In other words, the virtue of mercy must be subjected to the demand of charity which seeks that all men be established in the Truth of God; and this, in turn, absolutely necessitates that mercy may never be used as an excuse to violate or contradict the truths of our Faith, from which charity must always proceed. It is here, then, that we return full-circle to the humility, poverty of spirit, and fear of the Lord which we examined in The First Joyful Mystery: The Annunciation. We come to rest in Mary’s Fiat, by which the life of Charity became possible for all men who choose to follow the Truth of Jesus Christ in humility, and through which Mary became not only the Mother of God but also the Mother of all the sons and daughters of God who come to rest in the humility and meekness of Her Son:

Take up my yoke upon you, and learn of me, because I am meek, and humble of heart: and you shall find rest for your souls. For my yoke is sweet and my burden light. (Mt. 11: 29-30).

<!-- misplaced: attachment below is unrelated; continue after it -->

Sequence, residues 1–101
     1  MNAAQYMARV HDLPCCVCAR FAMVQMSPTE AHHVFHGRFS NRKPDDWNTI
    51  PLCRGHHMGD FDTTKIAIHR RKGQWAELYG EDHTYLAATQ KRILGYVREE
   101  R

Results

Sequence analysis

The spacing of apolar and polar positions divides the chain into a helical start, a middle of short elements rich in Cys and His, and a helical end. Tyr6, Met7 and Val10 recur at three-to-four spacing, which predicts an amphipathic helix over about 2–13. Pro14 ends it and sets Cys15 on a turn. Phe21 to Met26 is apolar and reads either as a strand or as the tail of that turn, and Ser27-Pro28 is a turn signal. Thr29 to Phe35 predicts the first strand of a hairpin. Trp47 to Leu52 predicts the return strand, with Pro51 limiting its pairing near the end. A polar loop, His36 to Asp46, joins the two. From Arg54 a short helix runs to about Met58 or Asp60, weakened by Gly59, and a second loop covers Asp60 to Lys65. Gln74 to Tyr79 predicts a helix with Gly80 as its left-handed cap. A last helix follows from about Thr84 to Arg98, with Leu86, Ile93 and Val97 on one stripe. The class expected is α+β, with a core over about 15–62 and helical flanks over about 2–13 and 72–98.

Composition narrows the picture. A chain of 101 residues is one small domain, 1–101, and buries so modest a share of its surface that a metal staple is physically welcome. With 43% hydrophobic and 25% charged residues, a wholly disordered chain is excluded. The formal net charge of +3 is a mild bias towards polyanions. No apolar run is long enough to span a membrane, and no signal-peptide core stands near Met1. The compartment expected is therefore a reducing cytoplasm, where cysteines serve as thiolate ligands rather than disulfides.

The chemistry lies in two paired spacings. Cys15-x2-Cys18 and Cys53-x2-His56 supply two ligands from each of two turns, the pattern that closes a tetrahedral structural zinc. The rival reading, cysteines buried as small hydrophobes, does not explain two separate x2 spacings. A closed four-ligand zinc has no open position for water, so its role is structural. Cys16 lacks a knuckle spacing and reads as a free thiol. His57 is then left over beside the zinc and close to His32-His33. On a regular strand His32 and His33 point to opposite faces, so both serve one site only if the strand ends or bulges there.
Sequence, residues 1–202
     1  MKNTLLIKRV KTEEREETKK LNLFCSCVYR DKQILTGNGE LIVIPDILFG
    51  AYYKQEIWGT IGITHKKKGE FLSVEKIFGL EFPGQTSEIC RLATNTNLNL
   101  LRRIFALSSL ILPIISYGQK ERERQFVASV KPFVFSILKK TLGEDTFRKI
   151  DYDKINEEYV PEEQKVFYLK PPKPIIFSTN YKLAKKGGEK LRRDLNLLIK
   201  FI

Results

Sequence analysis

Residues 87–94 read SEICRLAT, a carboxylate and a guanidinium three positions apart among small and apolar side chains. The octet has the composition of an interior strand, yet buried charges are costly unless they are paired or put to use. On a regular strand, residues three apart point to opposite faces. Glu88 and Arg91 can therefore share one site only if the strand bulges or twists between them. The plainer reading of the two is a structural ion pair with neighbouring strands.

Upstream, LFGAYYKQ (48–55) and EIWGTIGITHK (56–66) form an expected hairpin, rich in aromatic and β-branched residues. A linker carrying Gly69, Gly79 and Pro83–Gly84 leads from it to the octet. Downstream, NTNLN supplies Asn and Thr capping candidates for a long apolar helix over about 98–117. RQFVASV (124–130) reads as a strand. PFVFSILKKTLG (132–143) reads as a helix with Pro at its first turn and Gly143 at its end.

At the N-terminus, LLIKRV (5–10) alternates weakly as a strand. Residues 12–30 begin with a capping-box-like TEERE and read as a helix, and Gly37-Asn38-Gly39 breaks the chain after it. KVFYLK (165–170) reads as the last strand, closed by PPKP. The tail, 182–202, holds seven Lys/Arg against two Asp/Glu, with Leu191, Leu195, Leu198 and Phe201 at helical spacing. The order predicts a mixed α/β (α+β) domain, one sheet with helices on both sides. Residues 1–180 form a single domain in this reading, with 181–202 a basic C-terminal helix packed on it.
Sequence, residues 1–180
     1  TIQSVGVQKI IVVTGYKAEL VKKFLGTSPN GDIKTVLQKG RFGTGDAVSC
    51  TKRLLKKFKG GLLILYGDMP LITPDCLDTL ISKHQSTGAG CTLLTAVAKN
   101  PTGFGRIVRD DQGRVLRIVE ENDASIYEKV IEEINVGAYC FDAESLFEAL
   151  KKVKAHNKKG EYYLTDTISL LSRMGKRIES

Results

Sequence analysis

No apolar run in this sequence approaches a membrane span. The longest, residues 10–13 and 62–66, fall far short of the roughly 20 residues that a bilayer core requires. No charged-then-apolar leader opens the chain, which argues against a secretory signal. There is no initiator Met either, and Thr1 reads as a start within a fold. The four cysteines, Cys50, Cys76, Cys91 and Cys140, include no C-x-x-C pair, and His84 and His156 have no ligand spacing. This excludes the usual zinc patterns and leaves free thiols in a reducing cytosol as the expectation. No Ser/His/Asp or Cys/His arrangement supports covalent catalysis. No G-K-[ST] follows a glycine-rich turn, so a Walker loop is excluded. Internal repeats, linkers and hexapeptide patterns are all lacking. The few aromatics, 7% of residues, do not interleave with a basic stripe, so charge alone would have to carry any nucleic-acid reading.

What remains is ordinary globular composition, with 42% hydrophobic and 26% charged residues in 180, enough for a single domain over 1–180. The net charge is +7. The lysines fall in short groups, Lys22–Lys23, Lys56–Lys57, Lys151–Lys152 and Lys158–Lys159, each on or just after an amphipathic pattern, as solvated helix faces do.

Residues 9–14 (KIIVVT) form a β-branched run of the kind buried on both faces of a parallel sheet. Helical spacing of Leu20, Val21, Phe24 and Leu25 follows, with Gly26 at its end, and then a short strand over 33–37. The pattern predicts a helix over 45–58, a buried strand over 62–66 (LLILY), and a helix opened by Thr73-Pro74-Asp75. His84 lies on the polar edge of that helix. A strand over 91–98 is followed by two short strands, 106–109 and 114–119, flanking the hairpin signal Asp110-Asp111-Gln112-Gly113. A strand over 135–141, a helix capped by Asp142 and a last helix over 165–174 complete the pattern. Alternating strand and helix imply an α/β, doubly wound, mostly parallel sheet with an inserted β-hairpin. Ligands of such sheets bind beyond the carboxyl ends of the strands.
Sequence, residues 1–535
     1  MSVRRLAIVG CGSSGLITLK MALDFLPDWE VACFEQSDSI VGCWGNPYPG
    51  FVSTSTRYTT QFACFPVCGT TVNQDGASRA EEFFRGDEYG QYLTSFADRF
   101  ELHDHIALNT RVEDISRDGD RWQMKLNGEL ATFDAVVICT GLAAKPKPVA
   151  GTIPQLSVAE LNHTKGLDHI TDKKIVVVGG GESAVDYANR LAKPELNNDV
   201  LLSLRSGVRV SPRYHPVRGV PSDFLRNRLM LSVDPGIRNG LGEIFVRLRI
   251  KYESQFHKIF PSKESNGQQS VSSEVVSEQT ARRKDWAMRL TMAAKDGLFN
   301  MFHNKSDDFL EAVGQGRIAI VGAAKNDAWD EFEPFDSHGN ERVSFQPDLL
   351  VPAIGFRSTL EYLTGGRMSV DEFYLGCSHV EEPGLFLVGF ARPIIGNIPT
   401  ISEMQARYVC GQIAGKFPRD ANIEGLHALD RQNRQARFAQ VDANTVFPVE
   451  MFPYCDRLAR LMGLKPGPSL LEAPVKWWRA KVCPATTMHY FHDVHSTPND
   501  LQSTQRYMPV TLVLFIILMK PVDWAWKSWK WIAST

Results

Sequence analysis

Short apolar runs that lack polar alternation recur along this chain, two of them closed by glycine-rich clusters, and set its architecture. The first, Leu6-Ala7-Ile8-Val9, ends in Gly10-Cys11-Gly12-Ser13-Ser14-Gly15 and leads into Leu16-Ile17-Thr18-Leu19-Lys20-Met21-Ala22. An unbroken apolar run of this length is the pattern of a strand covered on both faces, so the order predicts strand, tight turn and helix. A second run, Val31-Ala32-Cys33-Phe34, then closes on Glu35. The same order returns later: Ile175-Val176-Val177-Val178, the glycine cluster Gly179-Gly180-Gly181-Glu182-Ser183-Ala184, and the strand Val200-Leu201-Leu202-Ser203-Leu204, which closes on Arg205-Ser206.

To refuse this invitation is sheer madness. Because of this refusal the world, and those who seek to make friendship with the world, face judgment:

“And this is the judgment: because the light is come into the world, and men loved darkness rather than the light: for their works were evil. For every one that doth evil hateth the light, and cometh not to the light, that his works may not be reproved. (John 3: 19-20).

To encourage, bless, or be inclusive towards such madness in the name of love, charity, or mercy is to do the work of Satan for the ruin of souls.

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*Please pray every Rosary to include the intention: For the Purification of the Church. Also please have your Pastor offer a Mass for this intention, and ask him to promote the Rosary to the Interior: For the Purification of the Church on Feb 2, 2019.